Here's something to consider; With all the survival of the fittest, every man for himself mentality going on around here, how would you like it if there were 32 Dan Snyder's owning teams? How about Bill Gates or Donald Trump entering the mix? How about some United Arab Emirates Sheik buying a team and hiring Joe Gibbs and his whole staff away for $10 or $20 million a year?

I'd suggest a bit of enjoying the position we are in; One of the BEST markets with THE best fans with one of the best owners and THE best coach.

Whatever deal Snyder has to give in to in terms of sharing, the next day he is STILL going to make more money than the little guys, STILL work harder and STILL go for the brass ring every day.

Careful for what you wish for.

Exactly :cheers:

Are you going to blame other owners that have had teams for so long and are not as rich as some of the newer owners just because now you need to be almost a billionare to own a team???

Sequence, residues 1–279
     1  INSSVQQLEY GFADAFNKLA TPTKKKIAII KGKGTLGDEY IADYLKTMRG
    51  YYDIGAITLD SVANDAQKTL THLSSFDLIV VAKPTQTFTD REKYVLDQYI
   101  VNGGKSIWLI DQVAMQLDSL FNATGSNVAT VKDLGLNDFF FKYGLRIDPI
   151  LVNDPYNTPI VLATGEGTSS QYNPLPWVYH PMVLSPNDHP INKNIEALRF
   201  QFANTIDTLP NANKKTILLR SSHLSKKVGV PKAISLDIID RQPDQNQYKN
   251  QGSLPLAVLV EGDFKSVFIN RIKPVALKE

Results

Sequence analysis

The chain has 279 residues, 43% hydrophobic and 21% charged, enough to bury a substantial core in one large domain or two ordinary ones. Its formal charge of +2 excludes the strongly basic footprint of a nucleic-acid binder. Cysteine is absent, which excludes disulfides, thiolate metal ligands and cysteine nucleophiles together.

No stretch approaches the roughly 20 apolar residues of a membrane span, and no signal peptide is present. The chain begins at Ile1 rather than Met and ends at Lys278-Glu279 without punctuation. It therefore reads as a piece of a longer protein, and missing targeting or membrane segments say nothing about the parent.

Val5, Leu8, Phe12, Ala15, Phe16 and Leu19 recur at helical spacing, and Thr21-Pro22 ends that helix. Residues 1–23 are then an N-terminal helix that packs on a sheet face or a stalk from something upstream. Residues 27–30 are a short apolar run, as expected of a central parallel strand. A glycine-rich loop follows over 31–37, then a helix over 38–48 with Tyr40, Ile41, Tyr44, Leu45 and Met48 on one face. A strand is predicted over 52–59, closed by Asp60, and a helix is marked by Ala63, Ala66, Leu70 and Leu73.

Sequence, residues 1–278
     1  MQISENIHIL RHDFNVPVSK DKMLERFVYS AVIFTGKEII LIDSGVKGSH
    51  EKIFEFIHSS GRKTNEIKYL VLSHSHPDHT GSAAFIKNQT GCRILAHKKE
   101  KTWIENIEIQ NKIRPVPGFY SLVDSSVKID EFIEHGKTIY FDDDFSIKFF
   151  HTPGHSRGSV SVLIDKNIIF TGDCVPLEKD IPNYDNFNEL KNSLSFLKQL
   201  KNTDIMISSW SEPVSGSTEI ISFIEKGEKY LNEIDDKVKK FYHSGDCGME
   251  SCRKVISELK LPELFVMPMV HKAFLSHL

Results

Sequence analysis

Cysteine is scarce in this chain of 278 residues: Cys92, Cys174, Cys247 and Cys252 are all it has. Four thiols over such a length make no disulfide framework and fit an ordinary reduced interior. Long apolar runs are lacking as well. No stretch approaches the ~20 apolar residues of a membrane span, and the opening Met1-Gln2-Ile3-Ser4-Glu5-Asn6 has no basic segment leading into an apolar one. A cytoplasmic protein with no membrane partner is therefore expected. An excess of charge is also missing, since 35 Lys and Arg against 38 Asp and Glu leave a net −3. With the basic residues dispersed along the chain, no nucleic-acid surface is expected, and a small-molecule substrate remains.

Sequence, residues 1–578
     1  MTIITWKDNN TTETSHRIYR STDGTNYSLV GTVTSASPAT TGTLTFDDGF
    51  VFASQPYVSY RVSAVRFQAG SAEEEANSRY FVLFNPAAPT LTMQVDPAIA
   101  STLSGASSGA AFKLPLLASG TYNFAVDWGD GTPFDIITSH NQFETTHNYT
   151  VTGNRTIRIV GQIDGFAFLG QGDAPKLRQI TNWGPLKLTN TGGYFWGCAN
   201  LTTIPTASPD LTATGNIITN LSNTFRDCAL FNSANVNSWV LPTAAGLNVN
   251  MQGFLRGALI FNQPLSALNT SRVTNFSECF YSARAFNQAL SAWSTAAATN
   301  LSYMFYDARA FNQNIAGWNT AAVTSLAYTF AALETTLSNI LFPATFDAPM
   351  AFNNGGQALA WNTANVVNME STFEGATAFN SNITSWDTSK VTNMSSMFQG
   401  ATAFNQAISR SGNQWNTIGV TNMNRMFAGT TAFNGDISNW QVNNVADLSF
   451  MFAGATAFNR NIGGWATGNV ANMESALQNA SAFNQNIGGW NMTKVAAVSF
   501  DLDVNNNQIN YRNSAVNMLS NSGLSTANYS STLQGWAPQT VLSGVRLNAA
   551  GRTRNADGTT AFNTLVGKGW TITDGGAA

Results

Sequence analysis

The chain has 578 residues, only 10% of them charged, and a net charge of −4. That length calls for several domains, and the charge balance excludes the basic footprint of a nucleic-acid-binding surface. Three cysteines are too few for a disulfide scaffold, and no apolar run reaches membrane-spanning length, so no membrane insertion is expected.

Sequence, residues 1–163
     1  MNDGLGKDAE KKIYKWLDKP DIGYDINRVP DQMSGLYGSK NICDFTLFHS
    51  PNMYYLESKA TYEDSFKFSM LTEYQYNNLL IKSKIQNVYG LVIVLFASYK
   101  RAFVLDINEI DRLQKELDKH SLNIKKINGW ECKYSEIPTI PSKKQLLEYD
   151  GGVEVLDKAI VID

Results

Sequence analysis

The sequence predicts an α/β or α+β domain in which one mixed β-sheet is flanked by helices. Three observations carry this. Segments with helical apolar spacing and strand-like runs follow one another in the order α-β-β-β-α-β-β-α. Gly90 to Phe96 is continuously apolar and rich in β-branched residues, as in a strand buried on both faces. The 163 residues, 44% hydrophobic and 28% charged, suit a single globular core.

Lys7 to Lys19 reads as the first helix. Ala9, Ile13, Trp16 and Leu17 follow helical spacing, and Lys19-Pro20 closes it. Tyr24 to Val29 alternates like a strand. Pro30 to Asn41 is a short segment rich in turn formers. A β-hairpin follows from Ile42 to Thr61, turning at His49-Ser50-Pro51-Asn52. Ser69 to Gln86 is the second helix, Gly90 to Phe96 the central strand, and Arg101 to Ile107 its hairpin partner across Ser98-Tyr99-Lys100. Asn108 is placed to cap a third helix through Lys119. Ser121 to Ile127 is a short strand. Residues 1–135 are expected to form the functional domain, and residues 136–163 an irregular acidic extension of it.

If your revenue is 150 million and you have to give 60% of that to the players, that is a lot of money, and not much left for running the team and stadium. Synder and Jones make about $250 million and 60% of that is not as bad, plus all the other stuff they have on the side.

For the teams that city owns the stadium it is harder for them to generate any revenue from the stadium since it all goes back to the city.

You can not push out the small markets, know matter how much you do not like their situation.

Link to comment
Share on other sites

"Are you going to blame other owners that have had teams for so long and are not as rich as some of the newer owners just because now you need to be almost a billionare to own a team???